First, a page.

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Castrating and spaying

Castrating and spaying are important husbandry techniques to prevent unwanted breeding in livestock.

Castration is a regular part of cattle, sheep and goat husbandry in Australia. Spaying is a largely restricted to cattle in northern Australia in situations where control of bulls is difficult.

Best practice procedure for castration and spaying

Castration and spaying are both surgical procedures and care needs to be taken to ensure the best outcome.

To help ensure best practice, producers should pay attention to the following:

  • Reduce stress before, during and after the procedure by:
    • Good planning and preparation.
    • Having adequate numbers of well-trained staff to do the job.
    • Using well-maintained equipment.
    • Using low stress stock handling.
    • Reducing the time calves, lambs and kids are separated from their mothers.
    • Releasing animals from the yards as quickly as possible into a well-shaded holding paddock with fodder and water available.
    • Avoiding immediately walking or moving animals over large distances to paddocks.
  • Minimising dehydration by avoiding hot weather. Allow animals to rest in the yards after mustering and providing fresh water between mustering and the procedure. Minimise the time animals are off water and perform the procedures in the coolest part of the day.
  • Minimising bleeding by using good technique and taking steps to ensure livestock are not hot at the time of the procedure. Always allow animals to settle and cool after yarding, handle them calmly and perform the procedures in the coolest part of the day.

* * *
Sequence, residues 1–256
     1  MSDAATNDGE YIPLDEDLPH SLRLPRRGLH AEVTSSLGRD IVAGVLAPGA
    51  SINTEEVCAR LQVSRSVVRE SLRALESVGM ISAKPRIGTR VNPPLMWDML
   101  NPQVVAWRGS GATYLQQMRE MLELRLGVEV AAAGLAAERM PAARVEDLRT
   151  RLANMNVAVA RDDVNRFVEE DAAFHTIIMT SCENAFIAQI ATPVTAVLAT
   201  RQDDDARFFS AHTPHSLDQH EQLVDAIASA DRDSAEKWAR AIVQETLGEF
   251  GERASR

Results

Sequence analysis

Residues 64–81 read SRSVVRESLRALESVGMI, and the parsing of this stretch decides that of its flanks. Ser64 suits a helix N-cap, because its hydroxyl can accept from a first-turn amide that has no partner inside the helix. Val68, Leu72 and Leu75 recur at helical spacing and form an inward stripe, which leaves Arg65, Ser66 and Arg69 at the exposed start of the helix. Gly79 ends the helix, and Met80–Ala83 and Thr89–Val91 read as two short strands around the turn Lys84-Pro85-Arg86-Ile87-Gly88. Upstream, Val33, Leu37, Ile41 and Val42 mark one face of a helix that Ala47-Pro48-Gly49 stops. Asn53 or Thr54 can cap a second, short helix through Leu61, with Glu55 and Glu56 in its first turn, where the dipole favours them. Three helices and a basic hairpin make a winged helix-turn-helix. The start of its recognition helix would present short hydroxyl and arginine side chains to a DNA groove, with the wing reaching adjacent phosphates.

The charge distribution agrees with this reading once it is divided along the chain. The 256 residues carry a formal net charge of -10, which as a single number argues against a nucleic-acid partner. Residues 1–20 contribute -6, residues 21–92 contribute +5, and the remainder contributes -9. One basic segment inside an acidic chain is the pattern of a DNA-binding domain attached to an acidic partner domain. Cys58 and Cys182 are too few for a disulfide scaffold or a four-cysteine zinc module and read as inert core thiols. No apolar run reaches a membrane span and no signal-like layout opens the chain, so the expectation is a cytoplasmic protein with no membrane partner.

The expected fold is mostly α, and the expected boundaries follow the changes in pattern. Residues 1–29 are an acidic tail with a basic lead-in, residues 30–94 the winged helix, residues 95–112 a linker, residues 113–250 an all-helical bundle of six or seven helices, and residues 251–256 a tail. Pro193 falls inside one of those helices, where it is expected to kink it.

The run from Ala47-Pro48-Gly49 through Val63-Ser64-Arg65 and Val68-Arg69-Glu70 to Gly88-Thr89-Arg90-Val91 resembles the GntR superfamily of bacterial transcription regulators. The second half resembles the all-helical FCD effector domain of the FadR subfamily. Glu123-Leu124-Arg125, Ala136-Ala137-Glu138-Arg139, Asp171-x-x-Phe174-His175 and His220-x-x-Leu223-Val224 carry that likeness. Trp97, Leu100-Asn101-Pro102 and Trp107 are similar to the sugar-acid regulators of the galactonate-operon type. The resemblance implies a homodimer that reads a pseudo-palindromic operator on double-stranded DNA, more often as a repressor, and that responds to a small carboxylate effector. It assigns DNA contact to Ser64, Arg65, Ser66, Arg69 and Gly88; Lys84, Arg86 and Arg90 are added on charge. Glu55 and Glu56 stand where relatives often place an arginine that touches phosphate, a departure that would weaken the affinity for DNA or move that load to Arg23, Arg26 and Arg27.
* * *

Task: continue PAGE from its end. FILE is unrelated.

• Reducing the risk of infection through strict attention to hygiene. Minimise dust in the work area, provide adequate protection against tetanus and ensure open wounds can drain.


As well as reducing unwanted breeding, which allows greater control over genetic gains through selective mating, castration also results in male animals that are:

  • Less aggressive and less likely to fight - reducing bruising, injuries and damage to farm infrastructure.
  • Easier and safer to handle.
  • Easier to keep in paddocks after the time that sexual maturity would be reached.

Castration may not be required in some instances eg calves, lambs and kids turned off at a young age. Other markets require male livestock to be castrated.

Calves, lambs and kids should be as young as possible at the time of castration. Castration is illegal in some states in calves more than six months of age unless performed by a veterinarian. Producers need to be aware of the legal requirements in their State.

Information on castrating calves is available in the New South Wales Department of Industry & Investment publication Castrating calves.

Information on best practice for castrating lambs is available in Sheep husbandry practises guide.


Spaying is a skilled technique and people performing the procedure must be registered veterinary surgeons or adequately trained and accredited as permitted by state and territory legislation.

The Willis dropped ovary technique is preferred because:

  • It is less stressful for animals than other techniques.
  • Mortalities are fewer.
  • It is faster than other techniques.
  • The recovery period is usually shorter.
  • It can be done in a standard crush.
  • There is no hide or carcase damage.